Storage tiers

There are three tiers of NFS storage, with different performance characteristics: scratch, production, and archival. Some research groups have their own scratch and production file servers, but TIG operates servers in these tiers for shared use by all CSAIL members.

All three storage tiers are split between 32-341 (the main machine room in Stata, where high-speed access is available from OpenStack and group-owned compute clusters in Stata) and OC40-250 (the Massachusetts Green High-Performance Computing Center in Holyoke). Due to the non-pipelining nature of the NFS protocol, when performance is a concern users should make sure that they are using servers in the same building as the data they are accessing. The Holyoke data center is subject to an annual 24-hour maintenance shutdown during which all servers and data located there will be inaccessible; the date of the shutdown is usually in May and will be announced to the community a few months in advance.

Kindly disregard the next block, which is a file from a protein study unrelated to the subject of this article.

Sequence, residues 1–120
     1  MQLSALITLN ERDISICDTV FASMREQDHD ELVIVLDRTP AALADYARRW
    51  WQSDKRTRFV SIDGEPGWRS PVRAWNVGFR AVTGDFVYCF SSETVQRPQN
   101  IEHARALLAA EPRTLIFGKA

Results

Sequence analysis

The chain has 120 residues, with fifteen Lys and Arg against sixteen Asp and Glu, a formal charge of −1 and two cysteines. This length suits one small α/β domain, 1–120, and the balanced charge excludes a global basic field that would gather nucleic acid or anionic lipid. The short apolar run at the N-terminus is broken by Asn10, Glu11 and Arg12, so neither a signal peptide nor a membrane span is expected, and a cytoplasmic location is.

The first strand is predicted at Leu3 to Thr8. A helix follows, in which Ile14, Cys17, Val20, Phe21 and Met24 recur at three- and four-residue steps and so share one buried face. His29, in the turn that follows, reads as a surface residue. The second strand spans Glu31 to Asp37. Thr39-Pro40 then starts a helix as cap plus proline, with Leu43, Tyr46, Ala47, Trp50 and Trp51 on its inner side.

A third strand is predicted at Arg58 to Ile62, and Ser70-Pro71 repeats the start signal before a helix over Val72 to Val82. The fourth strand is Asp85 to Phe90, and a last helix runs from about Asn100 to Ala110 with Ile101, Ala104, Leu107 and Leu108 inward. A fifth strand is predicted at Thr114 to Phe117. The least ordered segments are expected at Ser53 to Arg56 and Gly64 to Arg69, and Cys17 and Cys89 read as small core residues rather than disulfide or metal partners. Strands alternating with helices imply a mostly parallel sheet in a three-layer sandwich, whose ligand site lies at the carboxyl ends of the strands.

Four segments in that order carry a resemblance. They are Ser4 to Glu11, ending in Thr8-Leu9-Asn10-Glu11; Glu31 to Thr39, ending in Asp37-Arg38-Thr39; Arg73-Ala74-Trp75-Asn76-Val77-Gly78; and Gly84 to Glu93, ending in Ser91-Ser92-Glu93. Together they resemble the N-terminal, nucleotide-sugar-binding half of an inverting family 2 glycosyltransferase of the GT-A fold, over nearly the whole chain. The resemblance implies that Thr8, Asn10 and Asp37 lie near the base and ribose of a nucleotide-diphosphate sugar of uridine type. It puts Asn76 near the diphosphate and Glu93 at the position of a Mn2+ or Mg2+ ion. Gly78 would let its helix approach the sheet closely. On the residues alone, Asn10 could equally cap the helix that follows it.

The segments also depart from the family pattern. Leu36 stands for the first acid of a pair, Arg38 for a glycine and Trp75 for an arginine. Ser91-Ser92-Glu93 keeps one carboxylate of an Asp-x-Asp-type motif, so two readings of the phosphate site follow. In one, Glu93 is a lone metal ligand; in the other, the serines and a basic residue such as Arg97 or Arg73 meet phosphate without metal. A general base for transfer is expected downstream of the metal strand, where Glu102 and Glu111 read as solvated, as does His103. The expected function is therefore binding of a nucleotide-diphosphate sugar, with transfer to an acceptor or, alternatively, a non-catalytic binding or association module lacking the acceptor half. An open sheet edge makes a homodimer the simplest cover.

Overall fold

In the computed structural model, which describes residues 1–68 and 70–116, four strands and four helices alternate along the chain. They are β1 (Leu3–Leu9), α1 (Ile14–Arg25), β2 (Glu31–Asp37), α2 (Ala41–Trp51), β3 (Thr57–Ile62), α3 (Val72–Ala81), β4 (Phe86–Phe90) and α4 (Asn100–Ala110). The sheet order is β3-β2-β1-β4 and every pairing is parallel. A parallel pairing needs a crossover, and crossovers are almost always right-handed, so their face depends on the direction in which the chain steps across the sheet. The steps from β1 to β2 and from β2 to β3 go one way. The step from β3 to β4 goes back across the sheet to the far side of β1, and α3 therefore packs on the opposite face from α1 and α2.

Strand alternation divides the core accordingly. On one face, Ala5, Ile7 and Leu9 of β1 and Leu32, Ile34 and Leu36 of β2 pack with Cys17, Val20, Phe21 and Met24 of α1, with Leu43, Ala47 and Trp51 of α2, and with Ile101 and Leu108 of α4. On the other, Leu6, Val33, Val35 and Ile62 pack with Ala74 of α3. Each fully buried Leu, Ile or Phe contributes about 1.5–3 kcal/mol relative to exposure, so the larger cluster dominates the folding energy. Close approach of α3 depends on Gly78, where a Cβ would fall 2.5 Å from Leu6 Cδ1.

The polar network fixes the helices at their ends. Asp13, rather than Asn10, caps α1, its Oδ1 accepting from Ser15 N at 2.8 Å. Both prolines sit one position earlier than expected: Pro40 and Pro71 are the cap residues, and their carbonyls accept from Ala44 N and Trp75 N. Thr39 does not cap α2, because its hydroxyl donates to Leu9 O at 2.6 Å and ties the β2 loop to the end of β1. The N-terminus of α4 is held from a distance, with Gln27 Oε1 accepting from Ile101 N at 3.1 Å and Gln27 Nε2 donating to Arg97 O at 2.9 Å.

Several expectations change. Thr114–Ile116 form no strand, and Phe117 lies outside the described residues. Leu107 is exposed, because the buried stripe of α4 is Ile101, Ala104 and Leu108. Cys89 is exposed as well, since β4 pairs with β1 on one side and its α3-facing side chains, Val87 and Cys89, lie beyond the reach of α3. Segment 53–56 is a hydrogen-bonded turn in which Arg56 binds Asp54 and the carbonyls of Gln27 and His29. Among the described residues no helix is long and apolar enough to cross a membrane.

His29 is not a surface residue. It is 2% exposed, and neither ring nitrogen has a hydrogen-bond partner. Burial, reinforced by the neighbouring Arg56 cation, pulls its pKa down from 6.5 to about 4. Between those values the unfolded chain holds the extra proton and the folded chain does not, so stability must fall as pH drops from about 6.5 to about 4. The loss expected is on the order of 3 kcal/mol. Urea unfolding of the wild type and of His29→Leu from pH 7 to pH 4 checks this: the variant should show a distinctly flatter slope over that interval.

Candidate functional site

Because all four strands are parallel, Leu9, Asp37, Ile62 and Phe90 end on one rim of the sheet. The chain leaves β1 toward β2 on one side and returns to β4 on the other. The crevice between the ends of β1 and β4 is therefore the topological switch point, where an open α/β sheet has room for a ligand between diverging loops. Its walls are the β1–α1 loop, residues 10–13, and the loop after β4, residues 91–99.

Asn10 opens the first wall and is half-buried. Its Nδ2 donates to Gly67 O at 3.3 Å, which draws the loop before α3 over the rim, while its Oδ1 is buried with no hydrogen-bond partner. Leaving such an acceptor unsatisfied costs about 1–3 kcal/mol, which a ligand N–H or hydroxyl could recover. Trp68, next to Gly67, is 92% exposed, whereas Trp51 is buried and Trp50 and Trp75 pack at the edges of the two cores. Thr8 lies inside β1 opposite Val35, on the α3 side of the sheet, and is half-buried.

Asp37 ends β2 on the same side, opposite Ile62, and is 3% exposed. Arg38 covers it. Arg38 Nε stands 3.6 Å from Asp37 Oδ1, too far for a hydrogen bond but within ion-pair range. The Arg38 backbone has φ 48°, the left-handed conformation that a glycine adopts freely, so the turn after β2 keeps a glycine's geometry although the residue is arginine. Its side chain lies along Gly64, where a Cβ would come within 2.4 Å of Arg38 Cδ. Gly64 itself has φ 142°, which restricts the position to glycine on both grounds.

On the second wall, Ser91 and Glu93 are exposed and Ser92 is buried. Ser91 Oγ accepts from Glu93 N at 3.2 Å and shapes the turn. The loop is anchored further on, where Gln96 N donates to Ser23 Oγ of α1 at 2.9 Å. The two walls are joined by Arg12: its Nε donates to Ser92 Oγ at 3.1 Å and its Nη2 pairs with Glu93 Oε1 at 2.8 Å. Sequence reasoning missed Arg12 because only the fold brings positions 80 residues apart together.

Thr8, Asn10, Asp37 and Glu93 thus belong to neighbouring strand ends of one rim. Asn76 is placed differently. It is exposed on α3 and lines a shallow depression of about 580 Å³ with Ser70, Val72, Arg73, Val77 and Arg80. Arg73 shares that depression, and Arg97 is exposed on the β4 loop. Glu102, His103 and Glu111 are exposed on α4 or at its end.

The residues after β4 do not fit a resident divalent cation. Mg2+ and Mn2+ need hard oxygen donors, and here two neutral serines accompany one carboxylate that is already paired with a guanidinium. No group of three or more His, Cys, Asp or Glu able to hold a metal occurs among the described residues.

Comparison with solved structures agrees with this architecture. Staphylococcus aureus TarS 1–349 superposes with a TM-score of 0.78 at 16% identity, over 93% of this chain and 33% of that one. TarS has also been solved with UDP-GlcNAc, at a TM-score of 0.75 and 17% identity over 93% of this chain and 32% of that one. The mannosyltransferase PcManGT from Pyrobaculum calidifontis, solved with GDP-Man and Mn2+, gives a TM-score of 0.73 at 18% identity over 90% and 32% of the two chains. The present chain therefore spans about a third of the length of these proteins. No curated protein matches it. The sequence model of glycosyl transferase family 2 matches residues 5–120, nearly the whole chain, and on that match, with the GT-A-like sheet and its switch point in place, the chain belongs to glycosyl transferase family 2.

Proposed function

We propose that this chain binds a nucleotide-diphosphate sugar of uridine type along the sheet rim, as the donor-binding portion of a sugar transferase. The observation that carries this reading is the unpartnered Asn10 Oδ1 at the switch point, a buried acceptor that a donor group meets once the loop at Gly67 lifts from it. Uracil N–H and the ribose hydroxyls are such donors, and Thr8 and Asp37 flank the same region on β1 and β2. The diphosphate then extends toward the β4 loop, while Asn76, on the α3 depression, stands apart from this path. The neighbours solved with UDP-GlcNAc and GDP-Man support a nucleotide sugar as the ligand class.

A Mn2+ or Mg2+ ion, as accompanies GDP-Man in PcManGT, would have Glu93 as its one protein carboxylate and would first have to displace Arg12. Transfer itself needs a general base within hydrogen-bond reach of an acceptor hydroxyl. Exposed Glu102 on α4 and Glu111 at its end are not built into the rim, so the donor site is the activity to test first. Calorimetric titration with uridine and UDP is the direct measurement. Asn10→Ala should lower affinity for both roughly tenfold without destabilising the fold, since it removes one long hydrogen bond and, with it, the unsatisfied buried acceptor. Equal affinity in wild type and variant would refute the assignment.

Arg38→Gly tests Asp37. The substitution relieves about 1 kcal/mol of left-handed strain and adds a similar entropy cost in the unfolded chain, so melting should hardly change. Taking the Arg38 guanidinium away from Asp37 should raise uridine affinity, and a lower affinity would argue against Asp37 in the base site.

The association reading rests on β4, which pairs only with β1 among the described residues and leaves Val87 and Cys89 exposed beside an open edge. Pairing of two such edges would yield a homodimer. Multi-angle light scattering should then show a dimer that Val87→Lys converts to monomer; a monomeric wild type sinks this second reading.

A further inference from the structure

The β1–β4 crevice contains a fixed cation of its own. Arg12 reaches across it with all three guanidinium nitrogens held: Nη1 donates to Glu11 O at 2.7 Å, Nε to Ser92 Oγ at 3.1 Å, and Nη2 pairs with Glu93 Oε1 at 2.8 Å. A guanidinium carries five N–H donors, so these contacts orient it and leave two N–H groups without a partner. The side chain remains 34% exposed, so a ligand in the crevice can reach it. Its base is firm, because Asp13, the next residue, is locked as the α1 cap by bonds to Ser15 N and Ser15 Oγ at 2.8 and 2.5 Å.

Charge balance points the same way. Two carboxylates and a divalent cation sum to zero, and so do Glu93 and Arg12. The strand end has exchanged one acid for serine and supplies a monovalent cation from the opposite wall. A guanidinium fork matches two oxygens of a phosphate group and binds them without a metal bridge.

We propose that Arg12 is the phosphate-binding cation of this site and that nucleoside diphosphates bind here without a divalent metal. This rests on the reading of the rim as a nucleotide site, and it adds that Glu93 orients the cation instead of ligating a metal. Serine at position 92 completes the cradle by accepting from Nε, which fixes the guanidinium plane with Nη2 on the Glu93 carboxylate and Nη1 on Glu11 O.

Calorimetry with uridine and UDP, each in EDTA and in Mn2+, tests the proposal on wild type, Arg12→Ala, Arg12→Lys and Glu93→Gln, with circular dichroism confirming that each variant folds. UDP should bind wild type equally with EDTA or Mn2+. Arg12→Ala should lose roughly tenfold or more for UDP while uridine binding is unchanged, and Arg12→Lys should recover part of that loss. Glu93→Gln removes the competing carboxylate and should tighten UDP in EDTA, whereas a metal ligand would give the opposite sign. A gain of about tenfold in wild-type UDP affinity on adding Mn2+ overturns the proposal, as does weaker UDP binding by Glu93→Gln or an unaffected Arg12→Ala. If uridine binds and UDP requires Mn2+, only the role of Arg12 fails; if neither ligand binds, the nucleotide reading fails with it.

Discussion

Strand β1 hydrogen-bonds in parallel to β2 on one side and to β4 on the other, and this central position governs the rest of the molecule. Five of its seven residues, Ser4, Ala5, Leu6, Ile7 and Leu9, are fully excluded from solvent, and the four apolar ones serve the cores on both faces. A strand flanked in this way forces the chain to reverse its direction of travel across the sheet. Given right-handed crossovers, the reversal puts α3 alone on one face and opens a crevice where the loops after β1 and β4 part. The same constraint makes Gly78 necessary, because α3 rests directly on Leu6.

Scratch storage does what it says on the tin. It is intended for high-performance storage of temporary files and intermediate computations as well as similar data that can be easily reconstructed or otherwise does not require backups.


Production storage is the main workhorse of CSAIL NFS. Production servers are optimized for relatively high performance with parallel reads and writes from multiple client systems.


Archival storage is intended for data that is no longer being actively updated and does not require high performance parallel random reads. Presently archival storage is split between Stata and OC40, but TIG’s long-term plan is to shift all archival storage to OC40 in the future.